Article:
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[uh-zot-ik, ey-zot-] /əˈzɒt ɪk, eɪˈzɒt-/
of or relating to azote; nitric.
Origin of azotic
First recorded in 1785-95; azote + -ic Unabridged
Based on the Random House Dictionary, © Random House, Inc. 2018.
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Examples from the Web for azotic
Historical Examples
  • The other substances, azotic acid and potash, were all at his disposal.

    Abandoned Jules Verne
  • A number of glass bottles were made and filled with azotic acid.

    Abandoned Jules Verne
  • But, after all, how was he going to employ this azotic acid?

    The Mysterious Island Jules Verne
  • In default of fulminate, he could easily obtain a substance similar to guncotton, since he had azotic acid at his disposal.

    The Mysterious Island Jules Verne
  • During this operation, a large quantity of oxygen gas, mixed with a small proportion of azotic gas, is disengaged.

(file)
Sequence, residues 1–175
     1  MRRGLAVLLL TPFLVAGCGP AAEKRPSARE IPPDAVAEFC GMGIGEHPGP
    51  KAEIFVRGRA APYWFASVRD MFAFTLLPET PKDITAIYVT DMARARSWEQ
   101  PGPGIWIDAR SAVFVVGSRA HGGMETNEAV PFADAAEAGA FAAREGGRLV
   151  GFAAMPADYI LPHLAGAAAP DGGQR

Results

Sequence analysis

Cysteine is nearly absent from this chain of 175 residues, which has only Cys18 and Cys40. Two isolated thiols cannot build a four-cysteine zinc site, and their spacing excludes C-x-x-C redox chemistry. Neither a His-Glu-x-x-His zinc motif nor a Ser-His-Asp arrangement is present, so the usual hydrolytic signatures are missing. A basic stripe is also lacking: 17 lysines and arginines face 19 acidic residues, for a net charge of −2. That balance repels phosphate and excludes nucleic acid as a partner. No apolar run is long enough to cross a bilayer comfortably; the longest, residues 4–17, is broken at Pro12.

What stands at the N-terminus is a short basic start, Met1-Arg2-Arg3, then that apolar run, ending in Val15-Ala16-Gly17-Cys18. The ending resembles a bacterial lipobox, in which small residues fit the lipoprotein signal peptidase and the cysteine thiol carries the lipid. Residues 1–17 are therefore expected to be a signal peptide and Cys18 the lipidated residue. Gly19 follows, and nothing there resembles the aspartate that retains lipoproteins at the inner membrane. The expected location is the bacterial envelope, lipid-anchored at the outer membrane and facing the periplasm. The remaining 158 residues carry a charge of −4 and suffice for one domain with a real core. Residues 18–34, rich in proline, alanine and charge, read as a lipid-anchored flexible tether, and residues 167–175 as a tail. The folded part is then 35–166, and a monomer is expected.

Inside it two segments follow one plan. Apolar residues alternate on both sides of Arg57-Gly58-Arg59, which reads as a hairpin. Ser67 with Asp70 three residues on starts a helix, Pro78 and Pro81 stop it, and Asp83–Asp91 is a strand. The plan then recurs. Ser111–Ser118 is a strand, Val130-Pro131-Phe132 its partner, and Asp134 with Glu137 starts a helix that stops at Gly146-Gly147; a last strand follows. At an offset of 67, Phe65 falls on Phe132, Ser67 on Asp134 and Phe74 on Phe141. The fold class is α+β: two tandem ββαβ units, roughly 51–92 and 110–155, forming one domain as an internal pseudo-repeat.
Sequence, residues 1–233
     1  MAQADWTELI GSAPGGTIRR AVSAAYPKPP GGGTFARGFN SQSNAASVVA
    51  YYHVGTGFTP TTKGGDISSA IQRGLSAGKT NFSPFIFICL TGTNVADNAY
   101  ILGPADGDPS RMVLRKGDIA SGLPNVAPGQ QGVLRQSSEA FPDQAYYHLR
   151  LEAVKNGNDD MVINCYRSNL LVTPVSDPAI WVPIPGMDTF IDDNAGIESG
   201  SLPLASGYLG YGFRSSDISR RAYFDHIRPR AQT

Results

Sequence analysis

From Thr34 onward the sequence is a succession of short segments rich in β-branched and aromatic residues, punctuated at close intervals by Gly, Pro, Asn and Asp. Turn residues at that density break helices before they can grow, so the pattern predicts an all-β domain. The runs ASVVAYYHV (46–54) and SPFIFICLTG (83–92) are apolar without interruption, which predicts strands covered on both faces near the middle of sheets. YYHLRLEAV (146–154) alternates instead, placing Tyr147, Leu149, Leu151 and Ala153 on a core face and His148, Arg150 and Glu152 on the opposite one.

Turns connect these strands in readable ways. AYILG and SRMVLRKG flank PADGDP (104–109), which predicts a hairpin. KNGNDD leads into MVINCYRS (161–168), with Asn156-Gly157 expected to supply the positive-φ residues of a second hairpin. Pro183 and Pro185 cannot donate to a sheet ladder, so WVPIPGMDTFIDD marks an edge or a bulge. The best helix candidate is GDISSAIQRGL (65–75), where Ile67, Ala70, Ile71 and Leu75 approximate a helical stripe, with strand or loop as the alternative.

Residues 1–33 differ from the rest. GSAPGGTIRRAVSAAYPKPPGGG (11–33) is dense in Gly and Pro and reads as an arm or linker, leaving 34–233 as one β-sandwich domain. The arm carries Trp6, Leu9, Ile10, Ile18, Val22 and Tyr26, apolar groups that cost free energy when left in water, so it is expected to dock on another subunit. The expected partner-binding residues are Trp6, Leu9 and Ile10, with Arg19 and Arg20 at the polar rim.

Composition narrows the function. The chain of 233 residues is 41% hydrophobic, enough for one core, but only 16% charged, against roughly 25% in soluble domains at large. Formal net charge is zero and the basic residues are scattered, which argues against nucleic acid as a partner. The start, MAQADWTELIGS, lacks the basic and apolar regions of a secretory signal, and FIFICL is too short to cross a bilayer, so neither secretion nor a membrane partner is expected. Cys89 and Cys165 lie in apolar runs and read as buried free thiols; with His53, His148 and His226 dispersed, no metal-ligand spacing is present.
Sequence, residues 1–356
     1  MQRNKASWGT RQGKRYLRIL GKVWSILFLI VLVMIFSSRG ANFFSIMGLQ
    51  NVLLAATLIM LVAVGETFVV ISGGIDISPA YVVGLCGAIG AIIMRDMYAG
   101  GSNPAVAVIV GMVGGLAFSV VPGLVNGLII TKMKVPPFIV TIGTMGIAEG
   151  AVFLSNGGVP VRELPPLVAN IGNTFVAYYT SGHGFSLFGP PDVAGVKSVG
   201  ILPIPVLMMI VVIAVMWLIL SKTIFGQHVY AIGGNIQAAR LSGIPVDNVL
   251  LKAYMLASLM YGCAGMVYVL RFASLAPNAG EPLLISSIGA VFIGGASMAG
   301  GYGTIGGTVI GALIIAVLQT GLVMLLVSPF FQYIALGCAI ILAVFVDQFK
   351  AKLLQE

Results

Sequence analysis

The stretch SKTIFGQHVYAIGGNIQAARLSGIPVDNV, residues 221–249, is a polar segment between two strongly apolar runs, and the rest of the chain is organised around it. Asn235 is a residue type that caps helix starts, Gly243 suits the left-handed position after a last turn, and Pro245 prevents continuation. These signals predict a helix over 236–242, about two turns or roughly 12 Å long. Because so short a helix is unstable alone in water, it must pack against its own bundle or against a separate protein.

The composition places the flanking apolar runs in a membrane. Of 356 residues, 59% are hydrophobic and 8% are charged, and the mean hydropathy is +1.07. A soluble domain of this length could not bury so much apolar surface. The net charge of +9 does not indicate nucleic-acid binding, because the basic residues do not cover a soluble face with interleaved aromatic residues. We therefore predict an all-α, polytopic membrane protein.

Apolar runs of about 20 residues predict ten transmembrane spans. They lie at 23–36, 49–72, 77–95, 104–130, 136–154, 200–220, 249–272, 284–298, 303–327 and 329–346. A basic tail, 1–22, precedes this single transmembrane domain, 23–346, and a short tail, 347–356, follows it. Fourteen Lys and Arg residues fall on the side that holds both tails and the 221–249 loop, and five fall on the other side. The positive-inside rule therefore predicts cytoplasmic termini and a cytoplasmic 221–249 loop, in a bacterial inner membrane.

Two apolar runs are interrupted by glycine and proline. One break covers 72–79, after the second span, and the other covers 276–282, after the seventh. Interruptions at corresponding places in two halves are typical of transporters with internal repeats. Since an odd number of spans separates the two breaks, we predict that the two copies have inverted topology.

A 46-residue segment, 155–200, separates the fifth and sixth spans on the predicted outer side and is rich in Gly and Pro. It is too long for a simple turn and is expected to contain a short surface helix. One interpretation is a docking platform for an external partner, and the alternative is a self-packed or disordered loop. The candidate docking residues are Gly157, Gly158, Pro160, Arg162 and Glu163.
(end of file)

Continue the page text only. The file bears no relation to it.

Elements of Chemistry, Antoine Lavoisier
  • In deflagration with nitre, azotic gas is likewise disengaged, because azote is one of the constituent elements of nitric acid.

    Elements of Chemistry, Antoine Lavoisier
  • The other faces of the cube or cylinder of copper used are coated, and the copper placed in a bath of azotic acid.

  • Cyrus Harding then took two slips of zinc, one of which was plunged into azotic acid, the other into a solution of potash.

    Abandoned Jules Verne
  • This taste is caused by the azotic acid formed from the oxygen and azote of the atmosphere.

  • This was ascribed to the union of the azotic part of the atmosphere with the effused pus in Sect.

    Zoonomia, Vol. II

    Erasmus Darwin
British Dictionary definitions for azotic


of, containing, or concerned with nitrogen
Collins English Dictionary - Complete & Unabridged 2012 Digital Edition
© William Collins Sons & Co. Ltd. 1979, 1986 © HarperCollins
Publishers 1998, 2000, 2003, 2005, 2006, 2007, 2009, 2012
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